Identifying members of extremist groups and those sympathetic to their ideology to make sure they don’t join the thin blue line in the first place should be a priority for departments and governments nationwide. Yet most departments don’t have explicit prohibitions on officers joining extremist paramilitary groups, according to a 2020 study by the Brennan Center for Justice.
Since Jan. 6, however, some states have successfully pushed for reforms. This fall, California passed a law that requires law enforcement agencies to screen candidates for participation in groups that promote hate crimes or genocide. In April, Minnesota’s police officer standards board proposed a series of rule changes, including barring people who belong to or support extremist groups from getting a law enforcement license. Public hearings, which are set to be held on those changes, deserve support. Other states and communities should look closely at these measures as a model.
Prosecutors in communities all over the United States also have a powerful tool already at their disposal: cross-examination during criminal trial. All defendants in criminal cases have a constitutional right to know about potentially exculpatory evidence. If an arresting officer is a member of a hate group or expresses extremist beliefs, that should be a subject of cross-examination by the defense.
If prosecutors were more aggressive about vetting police officers for extremist views, “defendants will get fairer trials, the public will be informed of problem officers through public trials, and police and prosecutors get the opportunity to identify problematic police officers and take action to rid the force of these officers,” wrote Vida Johnson, a professor at Georgetown Law, in a 2019 law review article.
Americans have a nearly unlimited right to free speech and association, and any effort to stop extremist violence must ensure that those rights are protected. Reforms should be carefully structured to avoid the abuses that occurred in the wake of the Sept. 11 attacks — the violations of civil liberties, mass surveillance and the accelerated militarization of the police, to name a few. But protecting freedom of expression need not stand in the way of tackling extremism in police departments.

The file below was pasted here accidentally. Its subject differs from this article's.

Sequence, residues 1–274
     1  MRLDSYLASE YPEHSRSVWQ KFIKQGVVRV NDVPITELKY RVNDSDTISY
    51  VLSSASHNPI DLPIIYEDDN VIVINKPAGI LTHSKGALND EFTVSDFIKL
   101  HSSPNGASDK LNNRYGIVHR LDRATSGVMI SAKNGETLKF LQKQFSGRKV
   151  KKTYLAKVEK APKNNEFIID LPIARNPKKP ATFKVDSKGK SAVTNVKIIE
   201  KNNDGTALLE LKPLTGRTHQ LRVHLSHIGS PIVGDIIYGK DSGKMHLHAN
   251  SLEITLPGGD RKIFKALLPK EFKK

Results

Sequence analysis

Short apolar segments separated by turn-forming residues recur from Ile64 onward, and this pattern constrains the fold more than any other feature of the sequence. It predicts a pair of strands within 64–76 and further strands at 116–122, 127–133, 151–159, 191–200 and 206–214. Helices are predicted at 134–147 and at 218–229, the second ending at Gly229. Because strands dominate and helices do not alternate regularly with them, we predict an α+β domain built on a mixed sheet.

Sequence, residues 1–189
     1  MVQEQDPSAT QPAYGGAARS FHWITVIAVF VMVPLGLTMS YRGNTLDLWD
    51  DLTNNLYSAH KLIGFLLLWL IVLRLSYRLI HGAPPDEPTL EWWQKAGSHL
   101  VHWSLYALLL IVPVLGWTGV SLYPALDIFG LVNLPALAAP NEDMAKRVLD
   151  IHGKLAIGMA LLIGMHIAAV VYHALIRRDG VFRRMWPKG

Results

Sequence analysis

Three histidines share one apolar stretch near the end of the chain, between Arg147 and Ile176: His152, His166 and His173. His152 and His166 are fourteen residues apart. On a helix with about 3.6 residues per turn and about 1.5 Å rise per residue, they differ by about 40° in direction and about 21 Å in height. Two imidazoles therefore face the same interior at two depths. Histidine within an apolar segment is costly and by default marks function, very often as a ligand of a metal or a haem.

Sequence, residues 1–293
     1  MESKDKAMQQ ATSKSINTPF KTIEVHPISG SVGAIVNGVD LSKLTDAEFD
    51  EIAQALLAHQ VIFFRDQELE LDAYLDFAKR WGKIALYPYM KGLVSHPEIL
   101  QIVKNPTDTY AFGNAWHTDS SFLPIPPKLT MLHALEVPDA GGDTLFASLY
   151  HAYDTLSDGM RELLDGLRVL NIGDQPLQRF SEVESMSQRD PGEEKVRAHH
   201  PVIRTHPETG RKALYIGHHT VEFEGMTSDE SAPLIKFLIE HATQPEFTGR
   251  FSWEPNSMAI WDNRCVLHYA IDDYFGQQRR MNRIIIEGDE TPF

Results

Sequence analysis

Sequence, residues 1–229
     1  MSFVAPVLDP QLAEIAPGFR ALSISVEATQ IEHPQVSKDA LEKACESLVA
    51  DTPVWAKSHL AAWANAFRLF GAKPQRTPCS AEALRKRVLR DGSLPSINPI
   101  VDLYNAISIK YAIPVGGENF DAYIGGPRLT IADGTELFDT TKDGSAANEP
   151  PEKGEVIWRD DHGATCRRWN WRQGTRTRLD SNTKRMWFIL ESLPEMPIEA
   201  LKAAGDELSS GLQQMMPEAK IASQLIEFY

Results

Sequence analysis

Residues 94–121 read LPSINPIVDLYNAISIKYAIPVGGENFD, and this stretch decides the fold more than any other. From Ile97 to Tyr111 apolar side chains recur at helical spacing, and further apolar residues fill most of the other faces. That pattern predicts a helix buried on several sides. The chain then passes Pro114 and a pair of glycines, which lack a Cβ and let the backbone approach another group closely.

Officers around the country have rightly been fired for racist or extremist actions. But punishment for harboring extremist sympathies is a finer line, because Americans have the right to believe what they like. So, the treatment of officers with extremist beliefs and extremist connections is often uneven. This year, a New York prison guard who belonged to a right-wing hate group was ultimately fired — not just for membership but also for trying to smuggle hate literature into the prison. This may be a useful model in determining where extremist ideology crosses the line to actions that can be addressed by law or regulation.
Other recent attempts to root out extremism have been less clear-cut. An unidentified police officer in Chicago was given a four-month suspension but was not dismissed after it was discovered that he had ties to the Proud Boys. Last month, a police officer in Massachusetts was found to have been involved in the Unite the Right rally in Charlottesville, Va. He resigned, and the district attorney announced an investigation into all closed and pending cases he had worked on.
Coordinating the efforts of the nation’s roughly 18,000 law enforcement agencies has been notoriously difficult. Federal standards or even guidelines about how to deal with extremism — in recruiting officers, disciplining existing ones or even sharing information — would go a long way toward harmonizing law enforcement’s response. But carrying out such changes would require both local attention to detail and the political will to do so. It would also require staffing law enforcement with people committed to the rule of law, rather than rule by force. As one congressional staff member working on homeland security issues put it: “People have to decide this is a priority. We can’t legislate hearts and minds.”
Across the board, extremists and their sympathizers, whether they act on their beliefs or just spread them, erode the public’s trust in the institutions that are designed to keep the country safe. Extremists bearing badges can put at risk ongoing police investigations by leaking confidential information. In the military, extremists pose a threat to good order and discipline. In law enforcement, extremists — particularly white supremacists — pose a threat to the people they are meant to protect, especially people of color. In federal agencies, extremists can compromise national security and make our borders even less secure. Protecting those institutions and the nation they serve demands urgent action.